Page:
Skip to main page content
Access keys NCBI Homepage MyNCBI Homepage Main Content Main Navigation
, 65 (2), 87-108

Global Cancer Statistics, 2012


Global Cancer Statistics, 2012

Lindsey A Torre et al. CA Cancer J Clin.


Cancer constitutes an enormous burden on society in more and less economically developed countries alike. The occurrence of cancer is increasing because of the growth and aging of the population, as well as an increasing prevalence of established risk factors such as smoking, overweight, physical inactivity, and changing reproductive patterns associated with urbanization and economic development. Based on GLOBOCAN estimates, about 14.1 million new cancer cases and 8.2 million deaths occurred in 2012 worldwide. Over the years, the burden has shifted to less developed countries, which currently account for about 57% of cases and 65% of cancer deaths worldwide. Lung cancer is the leading cause of cancer death among males in both more and less developed countries, and has surpassed breast cancer as the leading cause of cancer death among females in more developed countries; breast cancer remains the leading cause of cancer death among females in less developed countries. Other leading causes of cancer death in more developed countries include colorectal cancer among males and females and prostate cancer among males. In less developed countries, liver and stomach cancer among males and cervical cancer among females are also leading causes of cancer death. Although incidence rates for all cancers combined are nearly twice as high in more developed than in less developed countries in both males and females, mortality rates are only 8% to 15% higher in more developed countries. This disparity reflects regional differences in the mix of cancers, which is affected by risk factors and detection practices, and/or the availability of treatment. Risk factors associated with the leading causes of cancer death include tobacco use (lung, colorectal, stomach, and liver cancer), overweight/obesity and physical inactivity (breast and colorectal cancer), and infection (liver, stomach, and cervical cancer). A substantial portion of cancer cases and deaths could be prevented by broadly applying effective prevention measures, such as tobacco control, vaccination, and the use of early detection tests.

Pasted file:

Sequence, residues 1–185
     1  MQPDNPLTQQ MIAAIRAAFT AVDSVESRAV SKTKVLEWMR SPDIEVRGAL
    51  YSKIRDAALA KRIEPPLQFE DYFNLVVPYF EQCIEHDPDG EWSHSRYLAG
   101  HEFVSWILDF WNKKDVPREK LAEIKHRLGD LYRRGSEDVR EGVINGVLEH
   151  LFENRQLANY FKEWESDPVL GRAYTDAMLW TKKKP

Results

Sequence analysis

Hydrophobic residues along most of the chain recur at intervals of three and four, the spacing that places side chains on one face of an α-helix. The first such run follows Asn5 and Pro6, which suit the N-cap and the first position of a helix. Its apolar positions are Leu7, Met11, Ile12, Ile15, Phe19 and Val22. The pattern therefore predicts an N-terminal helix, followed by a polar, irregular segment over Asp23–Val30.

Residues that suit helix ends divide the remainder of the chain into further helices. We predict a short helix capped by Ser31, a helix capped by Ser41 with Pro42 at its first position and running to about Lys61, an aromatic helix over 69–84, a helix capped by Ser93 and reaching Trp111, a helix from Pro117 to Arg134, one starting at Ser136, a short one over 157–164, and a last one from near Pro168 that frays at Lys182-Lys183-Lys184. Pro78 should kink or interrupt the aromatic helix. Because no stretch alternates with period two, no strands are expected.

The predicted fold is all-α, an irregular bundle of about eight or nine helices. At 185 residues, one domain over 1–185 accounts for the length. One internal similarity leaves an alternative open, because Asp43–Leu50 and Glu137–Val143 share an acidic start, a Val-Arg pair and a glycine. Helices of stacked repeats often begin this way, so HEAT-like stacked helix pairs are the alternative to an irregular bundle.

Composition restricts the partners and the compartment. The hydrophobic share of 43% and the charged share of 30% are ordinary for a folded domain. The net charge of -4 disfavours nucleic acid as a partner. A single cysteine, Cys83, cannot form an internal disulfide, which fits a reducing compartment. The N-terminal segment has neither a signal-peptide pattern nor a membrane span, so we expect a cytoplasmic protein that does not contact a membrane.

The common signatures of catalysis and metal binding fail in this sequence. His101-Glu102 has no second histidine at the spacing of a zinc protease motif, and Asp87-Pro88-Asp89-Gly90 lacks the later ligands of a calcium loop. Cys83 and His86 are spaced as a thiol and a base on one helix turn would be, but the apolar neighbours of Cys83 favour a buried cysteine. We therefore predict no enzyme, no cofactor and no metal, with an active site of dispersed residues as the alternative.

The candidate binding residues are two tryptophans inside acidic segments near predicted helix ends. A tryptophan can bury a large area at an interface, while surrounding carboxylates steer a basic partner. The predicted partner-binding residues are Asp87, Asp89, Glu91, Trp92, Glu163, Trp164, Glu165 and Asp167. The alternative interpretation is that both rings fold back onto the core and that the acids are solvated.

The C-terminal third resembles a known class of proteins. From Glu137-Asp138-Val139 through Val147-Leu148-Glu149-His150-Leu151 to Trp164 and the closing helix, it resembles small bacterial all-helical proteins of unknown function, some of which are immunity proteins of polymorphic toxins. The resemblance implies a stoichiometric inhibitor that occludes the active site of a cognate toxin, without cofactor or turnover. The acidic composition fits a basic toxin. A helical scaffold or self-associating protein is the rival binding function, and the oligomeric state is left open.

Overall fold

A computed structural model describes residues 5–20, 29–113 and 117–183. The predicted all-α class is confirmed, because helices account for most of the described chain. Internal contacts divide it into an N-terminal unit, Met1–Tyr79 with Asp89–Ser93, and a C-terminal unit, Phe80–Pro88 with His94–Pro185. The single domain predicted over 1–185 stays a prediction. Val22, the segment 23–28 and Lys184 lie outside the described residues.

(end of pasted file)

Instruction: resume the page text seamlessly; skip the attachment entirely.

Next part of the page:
Keywords: cancer; epidemiology; health disparities; incidence; survival.

Similar articles

  • Global Cancer Statistics
    A Jemal et al. CA Cancer J Clin 61 (2), 69-90. PMID 21296855.
    The global burden of cancer continues to increase largely because of the aging and growth of the world population alongside an increasing adoption of cancer-causing behav …
  • Cancer Incidence and Mortality Patterns in Europe: Estimates for 40 Countries in 2012
    J Ferlay et al. Eur J Cancer 49 (6), 1374-403. PMID 23485231.
    These up-to-date estimates of the cancer burden in Europe alongside the description of the varying distribution of common cancers at both the regional and country level p …
  • Epidemiology of Cancer in the United States
    JL Cresanta. Prim Care 19 (3), 419-41. PMID 1410056. - Review
    Malignant neoplasms are responsible for more than half a million deaths annually and 22.5% of all deaths in the United States. Cancer is the second leading cause of death …
  • [Body Mass Index and Cancer Incidence:a Prospective Cohort Study in Northern China]
    L Guo et al. Zhonghua Liu Xing Bing Xue Za Zhi 35 (3), 231-6. PMID 24831616.
    The association between BMI and cancer incidence varied by cancer site. Underweight increased the risk of gastric cancer and liver cancer in males, and obesity increased …
  • Global Patterns of Cancer Incidence and Mortality Rates and Trends
    A Jemal et al. Cancer Epidemiol Biomarkers Prev 19 (8), 1893-907. PMID 20647400. - Review
    While incidence and mortality rates for most cancers (including lung, colorectum, female breast, and prostate) are decreasing in the United States and many other western …
See all similar articles

Cited by 9,105 PubMed Central articles

See all "Cited by" articles

MeSH terms

LinkOut - more resources